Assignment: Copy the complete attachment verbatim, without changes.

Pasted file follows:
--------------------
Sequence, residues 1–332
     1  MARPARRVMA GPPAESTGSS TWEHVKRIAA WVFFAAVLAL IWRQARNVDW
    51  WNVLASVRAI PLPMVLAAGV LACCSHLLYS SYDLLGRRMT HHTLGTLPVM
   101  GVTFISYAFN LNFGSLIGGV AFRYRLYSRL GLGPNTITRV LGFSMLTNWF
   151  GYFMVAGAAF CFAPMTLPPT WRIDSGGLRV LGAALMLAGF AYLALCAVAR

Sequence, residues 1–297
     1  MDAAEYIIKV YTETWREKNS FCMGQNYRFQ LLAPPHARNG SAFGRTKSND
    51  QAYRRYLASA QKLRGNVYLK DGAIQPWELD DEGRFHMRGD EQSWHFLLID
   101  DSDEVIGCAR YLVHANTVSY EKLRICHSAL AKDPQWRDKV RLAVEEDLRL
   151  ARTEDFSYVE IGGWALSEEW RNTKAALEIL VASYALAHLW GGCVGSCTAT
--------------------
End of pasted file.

Sequence, residues 1–332
     1  MARPARRVMA GPPAESTGSS TWEHVKRIAA WVFFAAVLAL IWRQARNVDW
    51  WNVLASVRAI PLPMVLAAGV LACCSHLLYS SYDLLGRRMT HHTLGTLPVM
   101  GVTFISYAFN LNFGSLIGGV AFRYRLYSRL GLGPNTITRV LGFSMLTNWF
   151  GYFMVAGAAF CFAPMTLPPT WRIDSGGLRV LGAALMLAGF AYLALCAVAR

Sequence, residues 1–297
     1  MDAAEYIIKV YTETWREKNS FCMGQNYRFQ LLAPPHARNG SAFGRTKSND
    51  QAYRRYLASA QKLRGNVYLK DGAIQPWELD DEGRFHMRGD EQSWHFLLID
   101  DSDEVIGCAR YLVHANTVSY EKLRICHSAL AKDPQWRDKV RLAVEEDLRL
   151  ARTEDFSYVE IGGWALSEEW RNTKAALEIL VASYALAHLW GGCVGSCTAT